Underexposure by one stop moves the histogram bars to the left. This has the effect of reducing the peak at the bright end, and this can be seen in the increasing detail in the sky – although one stop is not enough to restore all the detail. At the same time the black peak increases in size, and the area under the ivy becomes featureless.
high contrast under histogram.jpg high contrast under clipping.jpg

Overexposure moves the histogram to the right reducing the area of pure blacks and restoring the detail in the shed door. As the sky was already lacking detail overexposure has not worsened this, but highlights on the cars are now becoming obtrusive and detail around the edge of the burned out areas is being lost. high contrast over histogram.jpg high contrast over clipping.jpg
None of the photos in the high contrast lighting is truly acceptable. This situation can only be adequately photographed by doing something to reduce contrast – e.g. darkening the sky with an ND filter, using fill-flash to lighten the shadows or by using a high dynamic range technique in post-processing to combine under and over-exposed images.
Other issues
Although not a particular issue in this exercise, I have noticed in the past that my camera histogram (and blinkies) tend to be a little pessimistic in indicating overexposure. The exercise notes indicate that the camera histogram takes its readings from the embedded jpeg in the RAW fie which will have been developed from the camera settings. The computer version on the other hand takes its readings from the RAW file. A more detailed explanation of this is available here.

The histogram is a useful guide to exposure – with regular use it enables a better assessment of the overall exposure of the image than a quick look at the image on-camera. It is also a useful indicator of when the subject may be beyond the capability of the camera to capture without assistance of some kind.
Finally this exercise underlines that it is not always wise to rely on what you see. My eyes were able to resolve sky details and shadow details in the final scene where the camera was not.

Wednesday, 21 April 2010

Digital Photographic Practice: Exercise 2: Your Own Workflow (ii)

Exercise 1 developed a formal workflow from the bones of my existing practice. To recap it consists of the following steps:
  • Receive ‘commission’;
  • Identify location and model;
  • If possible visit location to identify detailed shot locations (this step added on basis of experience in Ex1)
  • Select lens/lenses and other equipment for shoot;
  • Ensure I have a spare battery and memory card with me, and that camera is functioning and set as expected;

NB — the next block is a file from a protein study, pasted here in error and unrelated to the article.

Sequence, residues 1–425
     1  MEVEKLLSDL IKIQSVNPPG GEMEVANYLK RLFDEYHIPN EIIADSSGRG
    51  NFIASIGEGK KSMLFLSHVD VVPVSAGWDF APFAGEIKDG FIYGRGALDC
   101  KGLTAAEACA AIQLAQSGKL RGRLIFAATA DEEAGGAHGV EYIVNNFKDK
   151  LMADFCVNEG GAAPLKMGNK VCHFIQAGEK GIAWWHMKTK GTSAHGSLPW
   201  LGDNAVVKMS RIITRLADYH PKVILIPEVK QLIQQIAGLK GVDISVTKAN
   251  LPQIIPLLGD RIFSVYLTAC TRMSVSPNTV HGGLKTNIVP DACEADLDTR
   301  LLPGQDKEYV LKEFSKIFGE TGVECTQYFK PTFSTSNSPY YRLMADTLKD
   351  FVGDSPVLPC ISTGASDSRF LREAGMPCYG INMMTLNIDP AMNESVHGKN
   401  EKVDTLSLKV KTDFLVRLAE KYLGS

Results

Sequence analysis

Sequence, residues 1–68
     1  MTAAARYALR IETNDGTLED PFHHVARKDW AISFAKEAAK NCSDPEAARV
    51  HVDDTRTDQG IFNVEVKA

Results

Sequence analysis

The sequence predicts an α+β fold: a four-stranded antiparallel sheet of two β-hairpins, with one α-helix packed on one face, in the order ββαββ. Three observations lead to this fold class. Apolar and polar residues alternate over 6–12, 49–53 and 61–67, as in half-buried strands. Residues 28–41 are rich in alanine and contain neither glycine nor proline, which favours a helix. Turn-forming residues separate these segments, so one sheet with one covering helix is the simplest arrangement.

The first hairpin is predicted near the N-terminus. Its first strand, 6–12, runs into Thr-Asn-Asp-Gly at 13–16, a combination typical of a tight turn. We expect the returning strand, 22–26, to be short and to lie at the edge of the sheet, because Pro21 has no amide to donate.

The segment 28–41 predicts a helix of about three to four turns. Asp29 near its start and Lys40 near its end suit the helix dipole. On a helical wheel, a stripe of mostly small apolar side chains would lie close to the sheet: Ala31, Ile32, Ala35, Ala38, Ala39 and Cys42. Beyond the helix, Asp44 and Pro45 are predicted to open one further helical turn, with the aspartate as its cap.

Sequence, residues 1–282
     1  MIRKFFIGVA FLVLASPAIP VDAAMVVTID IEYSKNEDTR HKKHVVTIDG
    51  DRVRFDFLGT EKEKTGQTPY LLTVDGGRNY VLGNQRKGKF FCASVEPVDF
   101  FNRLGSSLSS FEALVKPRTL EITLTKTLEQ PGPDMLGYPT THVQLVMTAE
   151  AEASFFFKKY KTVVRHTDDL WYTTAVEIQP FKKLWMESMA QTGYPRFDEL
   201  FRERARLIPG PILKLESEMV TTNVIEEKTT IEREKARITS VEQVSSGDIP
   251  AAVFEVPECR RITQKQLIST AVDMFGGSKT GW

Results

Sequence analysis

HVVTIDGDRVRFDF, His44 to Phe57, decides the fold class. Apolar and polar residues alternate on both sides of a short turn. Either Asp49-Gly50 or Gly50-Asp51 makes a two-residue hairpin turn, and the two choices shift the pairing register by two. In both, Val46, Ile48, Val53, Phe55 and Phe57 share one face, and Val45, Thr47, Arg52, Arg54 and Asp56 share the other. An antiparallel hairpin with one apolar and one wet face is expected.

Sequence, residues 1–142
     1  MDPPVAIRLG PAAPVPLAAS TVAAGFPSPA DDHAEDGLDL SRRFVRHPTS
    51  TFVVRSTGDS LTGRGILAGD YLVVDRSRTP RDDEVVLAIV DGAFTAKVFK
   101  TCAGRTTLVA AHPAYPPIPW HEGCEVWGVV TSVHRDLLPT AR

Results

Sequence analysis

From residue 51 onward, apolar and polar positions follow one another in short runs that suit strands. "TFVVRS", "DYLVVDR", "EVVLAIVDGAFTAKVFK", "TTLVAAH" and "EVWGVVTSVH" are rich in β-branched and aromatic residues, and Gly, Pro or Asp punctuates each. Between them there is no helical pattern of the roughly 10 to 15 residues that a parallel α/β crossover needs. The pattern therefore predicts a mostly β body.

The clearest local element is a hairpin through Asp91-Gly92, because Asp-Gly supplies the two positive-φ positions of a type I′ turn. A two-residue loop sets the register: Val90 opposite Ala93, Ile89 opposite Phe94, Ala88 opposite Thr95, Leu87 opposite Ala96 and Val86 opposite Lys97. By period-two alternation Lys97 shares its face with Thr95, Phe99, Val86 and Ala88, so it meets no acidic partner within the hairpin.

• Arrive at location and discuss shoot with model;
  • Shoot test shots for exposure and to confirm set-up of camera;
  • Shoot – with occasional checking of technical features – but with key aim of achieving suitable artistic result;
  • Swap memory card during shoot to provide back-up against card fault;
  • Upload images to computer using batch naming and key-wording facilities of software (and recharge used batteries in parallel);
  • Back-up all photos to separate hard drive;
  • Structured edit to remove technical failures and identify top 5 (or so) shots;
  • Develop and PP;
  • Upload final shots to web gallery;
  • Clear/format memory cards.
This workflow can be used for virtually any shoot – if sufficient memory card space is available. Exercise 1 resulted in more than 2Gigs of images in a 45 minute period – easily manageable on a relatively modest 4 GB CF card. For a more prolonged period carrying sufficient memory cards would become an issue if this shot rate were maintained.
Another issue on a prolonged shoot is the greater opportunity to lose or damage a card – which increases as the number of cards increases. Both these issues can be overcome by some form of back-up in the field. Possibilities include:
  • Use of a laptop or portable hard-drive/image viewer. This allows a combination of back-up and coarse editing using a screen that is a significant improvement over that available on the camera. The downside is that it requires the transport of an additional piece of electronics with its associated chargers/batteries.
  • Using a camera store or internet cafe to back-up to CD/DVD. Of course this requires that a store/cafe is available at a convenient location, and the optical media can itself be lost or damaged. Personal experience suggests that it is not always safe to trust back-up to an unknown party – I had a photo CD written while on holiday in Australia in which all the files were reduced to 1200 x 900 pixels. I only discovered this by accident while viewing the CD later. Fortunately I had not yet deleted the originals.